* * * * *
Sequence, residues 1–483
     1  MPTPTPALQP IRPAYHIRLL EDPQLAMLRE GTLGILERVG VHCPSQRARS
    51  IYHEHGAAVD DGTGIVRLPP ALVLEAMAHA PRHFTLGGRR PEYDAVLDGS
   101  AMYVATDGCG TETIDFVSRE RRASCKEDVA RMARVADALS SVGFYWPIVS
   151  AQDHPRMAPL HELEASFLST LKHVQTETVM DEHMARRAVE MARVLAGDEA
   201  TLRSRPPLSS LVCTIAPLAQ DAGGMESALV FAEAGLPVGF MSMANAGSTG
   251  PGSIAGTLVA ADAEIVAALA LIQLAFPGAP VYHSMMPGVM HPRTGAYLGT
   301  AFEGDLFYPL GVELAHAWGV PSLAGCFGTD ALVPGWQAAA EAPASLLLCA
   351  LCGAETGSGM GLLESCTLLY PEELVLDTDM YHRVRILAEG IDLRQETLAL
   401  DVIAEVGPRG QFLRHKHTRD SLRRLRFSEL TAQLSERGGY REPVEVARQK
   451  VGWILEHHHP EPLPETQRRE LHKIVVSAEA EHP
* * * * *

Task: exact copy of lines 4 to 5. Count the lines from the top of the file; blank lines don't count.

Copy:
   101  AMYVATDGCG TETIDFVSRE RRASCKEDVA RMARVADALS SVGFYWPIVS
   151  AQDHPRMAPL HELEASFLST LKHVQTETVM DEHMARRAVE MARVLAGDEA